According to Chemical and Biological Engineering Professor, Xiaotao Bi, wood pellets are the best choice for residential heating.

“In an isolated environment, when only the emissions from the burning fuel are analyzed, natural gas appears to be a cleaner option,” says Bi. “But when you factor in the entire life cycle of natural gas—a fossil fuel—with that of engineered wood pellets, which come from a renewable resource, the pellets are a far better environmental choice. They’re clean, and they’re sustainable.”

Environmentally speaking, wood pellets are an ideal fuel for industry and district heating.

Waste-wood materials, such as sawdust, are bound into pellets in a high-temperature pelletization process; no additives or glues are used. No new trees are cut down to create pellets, and pelletization is a beneficial use of trees killed by the mountain pine beetle.

Engineered pellets have a uniform size and moisture content and can be cleanly burned in specially designed automatic pellet furnaces, unlike wood logs or wood residues in traditional wood furnaces. Wood pellets have been endorsed by the U.S. Environmental Protection Agency and are one of the cleanest-burning and most renewable energy sources on Earth.

Bi, an expert in fluid-particle systems and multiphase reactors, is part of UBC’s Biomass and Bioenergy Research Group (BBRG), a multidisciplinary team that collaborates with industry and government to meet the needs of the emerging bioeconomy. Over the past five years, the BBRG has grown from three members to 15. The group collaborates extensively with the Wood Pellet Association of Canada (WPAC) to engineer a better pellet.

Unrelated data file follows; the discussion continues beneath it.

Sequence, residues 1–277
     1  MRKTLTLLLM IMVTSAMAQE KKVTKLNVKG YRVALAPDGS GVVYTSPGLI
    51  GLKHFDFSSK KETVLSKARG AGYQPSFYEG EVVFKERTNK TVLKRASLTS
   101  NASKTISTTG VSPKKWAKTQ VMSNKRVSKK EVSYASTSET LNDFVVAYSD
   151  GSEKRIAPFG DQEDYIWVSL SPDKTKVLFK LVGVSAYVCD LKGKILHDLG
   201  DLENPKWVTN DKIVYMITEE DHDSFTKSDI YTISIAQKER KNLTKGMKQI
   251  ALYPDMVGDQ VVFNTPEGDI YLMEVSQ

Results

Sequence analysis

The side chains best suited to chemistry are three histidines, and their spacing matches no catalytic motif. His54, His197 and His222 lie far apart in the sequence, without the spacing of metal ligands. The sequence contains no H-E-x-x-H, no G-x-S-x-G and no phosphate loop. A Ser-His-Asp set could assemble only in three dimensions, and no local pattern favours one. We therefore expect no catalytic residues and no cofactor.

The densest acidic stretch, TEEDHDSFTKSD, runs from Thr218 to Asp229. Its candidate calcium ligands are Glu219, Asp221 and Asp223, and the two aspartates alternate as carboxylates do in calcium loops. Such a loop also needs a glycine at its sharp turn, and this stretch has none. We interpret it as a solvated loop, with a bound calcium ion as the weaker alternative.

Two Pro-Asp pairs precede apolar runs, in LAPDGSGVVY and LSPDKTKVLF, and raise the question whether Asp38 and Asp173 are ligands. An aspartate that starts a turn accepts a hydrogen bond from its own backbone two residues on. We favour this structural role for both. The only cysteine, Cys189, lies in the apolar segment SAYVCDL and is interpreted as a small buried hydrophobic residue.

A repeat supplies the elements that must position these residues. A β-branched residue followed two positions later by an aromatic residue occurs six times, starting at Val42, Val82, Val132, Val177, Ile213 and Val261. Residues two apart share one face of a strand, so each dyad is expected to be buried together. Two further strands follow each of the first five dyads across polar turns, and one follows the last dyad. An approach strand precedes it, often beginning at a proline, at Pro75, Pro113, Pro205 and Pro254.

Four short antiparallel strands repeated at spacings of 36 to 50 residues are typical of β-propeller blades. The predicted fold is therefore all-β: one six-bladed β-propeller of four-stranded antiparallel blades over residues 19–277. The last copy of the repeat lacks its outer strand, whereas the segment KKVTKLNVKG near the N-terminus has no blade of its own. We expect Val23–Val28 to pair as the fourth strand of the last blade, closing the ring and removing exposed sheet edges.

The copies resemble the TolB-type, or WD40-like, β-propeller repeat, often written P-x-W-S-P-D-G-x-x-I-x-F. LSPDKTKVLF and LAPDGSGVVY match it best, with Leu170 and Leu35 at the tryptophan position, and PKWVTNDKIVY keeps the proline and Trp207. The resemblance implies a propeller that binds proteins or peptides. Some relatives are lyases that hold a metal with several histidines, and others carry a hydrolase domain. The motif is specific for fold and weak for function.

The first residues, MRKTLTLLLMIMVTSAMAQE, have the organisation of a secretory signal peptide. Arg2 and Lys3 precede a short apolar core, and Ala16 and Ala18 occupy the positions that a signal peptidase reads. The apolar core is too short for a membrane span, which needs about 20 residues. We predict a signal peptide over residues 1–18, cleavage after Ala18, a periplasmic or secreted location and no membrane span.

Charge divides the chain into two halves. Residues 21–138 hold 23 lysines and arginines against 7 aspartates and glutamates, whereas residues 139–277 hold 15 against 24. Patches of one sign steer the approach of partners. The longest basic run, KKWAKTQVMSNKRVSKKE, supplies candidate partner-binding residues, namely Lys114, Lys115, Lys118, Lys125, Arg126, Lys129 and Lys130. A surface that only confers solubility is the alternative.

Bi conducts life-cycle analyses—evaluations of the environmental and social impacts of a given product or services caused by or required for their existence—to investigate the health and environmental concerns of pellet burning and improve the environmental performance of pellet making, transportation and distribution.

His research team works to quantify net carbon dioxide emissions and investigate the gases that pellets emit during storage and transportation, to help prevent fires and ensure good air quality for workers exposed to pellets. In addition, the group works to improve the energy density and durability of pellets, using various multiphase processes.

B.C. is the centre of wood-pellet production in North America and roughly 90% of B.C.’s wood pellets are exported, including more than 500,000 tonnes to Europe. The B.C. wood pellet industry has grown by 20% each year over the last five years. 

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